They are all valid questions and I had to answer them from the guests seated at my table who were intrigued.  However I explained to them that this is not exactly new – in fact, in business, it’s how we work.  We have virtual conference meetings and teleconferences with our colleagues overseas, we sit in front of our computers all day and can work with virtual project teams anywhere around the world, we are connected 24/7, we use social media to catch up with the latest news.  How can being in a community service club be any different – we certainly don’t need to meet for breakfast, lunch or dinner at any physical location like many Rotary clubs do nowadays.  As I tried to explain it, you could see that they were understanding it – however I did also say that they probably Skype with their children and grand children and once I said that, it seemed the jigsaw puzzle fell into place.

It was an interesting and fun event because it was the first time that I had met many of my fellow club members.  Sure, we had met online and I knew them only from their tiny profile photo and member biography but it was like meeting up with old friends.  We finally put faces to names and the connection was set!  Afterwards, (the day after the event), you could see the Facebook Friend Requests in my inbox as we all became friends with our social media and put this new friendship into another realm altogether.  We also had the opportunity to meet our ‘other halves’ and together we saw that there was a real spirit and excitement about being involved in something so new and innovative.

The beauty of this eClub is that the charter members are all men and women of various ages some of whom were ex-Rotarians who had resigned some time ago from their previous clubs due to work committments or people who have no Rotary connection at all.

Even though we ‘meet’ online every week on Sunday at 1900-2100 (for those who can – it’s not mandatory) for our synchronous online chat, many people simply go to the Members Only section of the social website to read posts and contribute articles, photos, or other media, or simply update and reflect on those articles – this is considered equivalent to attending a physical meeting.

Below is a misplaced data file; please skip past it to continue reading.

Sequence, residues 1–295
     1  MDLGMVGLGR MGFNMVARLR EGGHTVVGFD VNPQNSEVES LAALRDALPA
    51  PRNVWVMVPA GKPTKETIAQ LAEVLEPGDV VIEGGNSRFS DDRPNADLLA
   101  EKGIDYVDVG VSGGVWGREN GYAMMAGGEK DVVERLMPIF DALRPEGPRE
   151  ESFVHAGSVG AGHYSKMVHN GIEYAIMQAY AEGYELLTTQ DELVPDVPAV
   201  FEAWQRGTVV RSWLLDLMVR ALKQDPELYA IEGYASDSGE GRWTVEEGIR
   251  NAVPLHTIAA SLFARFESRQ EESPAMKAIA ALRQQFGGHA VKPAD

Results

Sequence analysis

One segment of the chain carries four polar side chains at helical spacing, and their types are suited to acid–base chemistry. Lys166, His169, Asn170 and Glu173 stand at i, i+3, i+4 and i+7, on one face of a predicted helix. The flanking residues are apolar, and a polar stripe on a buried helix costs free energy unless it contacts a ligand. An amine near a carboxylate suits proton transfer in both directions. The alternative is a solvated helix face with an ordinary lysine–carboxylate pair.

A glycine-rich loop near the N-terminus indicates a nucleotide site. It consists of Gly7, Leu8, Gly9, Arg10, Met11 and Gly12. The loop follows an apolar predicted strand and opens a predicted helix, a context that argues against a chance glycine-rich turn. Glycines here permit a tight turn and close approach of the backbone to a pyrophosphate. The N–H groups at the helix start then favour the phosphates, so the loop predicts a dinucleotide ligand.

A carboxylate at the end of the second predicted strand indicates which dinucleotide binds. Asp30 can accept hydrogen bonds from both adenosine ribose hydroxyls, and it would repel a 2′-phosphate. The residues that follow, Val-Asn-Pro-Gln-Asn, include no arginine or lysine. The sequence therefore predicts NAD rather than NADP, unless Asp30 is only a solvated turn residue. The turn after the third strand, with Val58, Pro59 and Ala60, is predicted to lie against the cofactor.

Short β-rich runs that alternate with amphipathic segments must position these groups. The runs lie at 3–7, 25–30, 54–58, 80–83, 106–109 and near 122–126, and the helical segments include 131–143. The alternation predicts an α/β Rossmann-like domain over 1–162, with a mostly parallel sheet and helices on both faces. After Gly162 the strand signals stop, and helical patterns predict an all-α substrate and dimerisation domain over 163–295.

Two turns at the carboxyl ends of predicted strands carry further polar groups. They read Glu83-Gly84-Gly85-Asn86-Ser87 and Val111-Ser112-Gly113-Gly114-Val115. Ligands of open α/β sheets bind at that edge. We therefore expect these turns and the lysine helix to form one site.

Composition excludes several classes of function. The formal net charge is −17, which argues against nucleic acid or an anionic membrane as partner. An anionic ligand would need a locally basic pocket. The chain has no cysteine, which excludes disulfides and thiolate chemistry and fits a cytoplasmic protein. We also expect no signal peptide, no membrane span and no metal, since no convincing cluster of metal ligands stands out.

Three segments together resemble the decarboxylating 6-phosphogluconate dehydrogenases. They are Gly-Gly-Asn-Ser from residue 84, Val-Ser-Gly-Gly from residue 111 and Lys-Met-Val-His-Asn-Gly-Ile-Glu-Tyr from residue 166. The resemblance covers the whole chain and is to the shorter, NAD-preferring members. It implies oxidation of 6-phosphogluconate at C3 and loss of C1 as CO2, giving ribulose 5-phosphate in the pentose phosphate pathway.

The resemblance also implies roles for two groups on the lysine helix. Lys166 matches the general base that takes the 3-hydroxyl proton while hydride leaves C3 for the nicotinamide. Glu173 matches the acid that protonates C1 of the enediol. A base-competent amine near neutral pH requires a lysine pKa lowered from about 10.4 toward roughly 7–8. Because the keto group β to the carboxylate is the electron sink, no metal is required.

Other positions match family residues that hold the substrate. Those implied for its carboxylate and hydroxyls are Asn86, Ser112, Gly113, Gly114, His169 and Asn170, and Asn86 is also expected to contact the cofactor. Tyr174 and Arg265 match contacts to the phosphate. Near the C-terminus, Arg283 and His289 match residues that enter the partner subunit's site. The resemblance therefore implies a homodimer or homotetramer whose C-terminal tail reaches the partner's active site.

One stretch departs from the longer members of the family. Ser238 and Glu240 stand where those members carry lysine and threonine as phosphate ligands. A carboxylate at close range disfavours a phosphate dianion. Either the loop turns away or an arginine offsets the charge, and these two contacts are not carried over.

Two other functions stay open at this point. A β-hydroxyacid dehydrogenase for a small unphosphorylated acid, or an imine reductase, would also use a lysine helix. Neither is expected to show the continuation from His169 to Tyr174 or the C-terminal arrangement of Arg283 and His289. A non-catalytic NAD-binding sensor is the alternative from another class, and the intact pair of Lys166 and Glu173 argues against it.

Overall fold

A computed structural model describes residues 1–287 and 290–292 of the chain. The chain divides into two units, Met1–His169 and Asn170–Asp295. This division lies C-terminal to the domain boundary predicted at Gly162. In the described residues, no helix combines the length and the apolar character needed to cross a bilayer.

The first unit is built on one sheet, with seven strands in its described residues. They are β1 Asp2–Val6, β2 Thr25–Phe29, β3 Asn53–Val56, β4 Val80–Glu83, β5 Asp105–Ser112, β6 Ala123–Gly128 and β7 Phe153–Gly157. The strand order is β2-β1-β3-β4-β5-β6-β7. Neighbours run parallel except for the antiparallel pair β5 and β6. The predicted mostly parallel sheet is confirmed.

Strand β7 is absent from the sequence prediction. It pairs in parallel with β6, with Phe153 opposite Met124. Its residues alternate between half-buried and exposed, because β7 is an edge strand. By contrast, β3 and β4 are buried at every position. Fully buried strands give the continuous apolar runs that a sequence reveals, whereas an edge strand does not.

Even our name badges were made out to be in theme with our e-club in the shape of a cloud because we’re “in the cloud!”

Our name badges

So if this is something that interests you to use your profession or vocational knowledge for community service and be part of this new Rotary eClub then I would encourage you to join us as we’re always on the lookout for new members – whether they are in Australia or not.

http://rotaryeclubgreatermelbourne.org.au/

So after deliberation, I did decide that this post must go on my professional blog site simply because it merges my interest in social learning around a common interest with a group of like-minded individuals and how my connection to this new club also assists in my professional development in the space of learning consultancy.

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About Activate Learning Solutions

Helen Blunden is the founder of Activate Learning Solutions and Third Place. She has over 20 years of experience within learning and development across private, public and not-for-profit organisations. With a specialty in performance consulting and networked learning, Helen believes that workplace learning is integral to business success. She has a passion for enabling people to learn beyond the classroom and believes in the power of networks and communities to drive collaboration and meaning within the organisation. From facilitator-led instruction, online and blended, Helen deploys social and informal learning such as enterprise social networking, collaboration tools and emerging technologies that have been proven successful and embedded workplace change.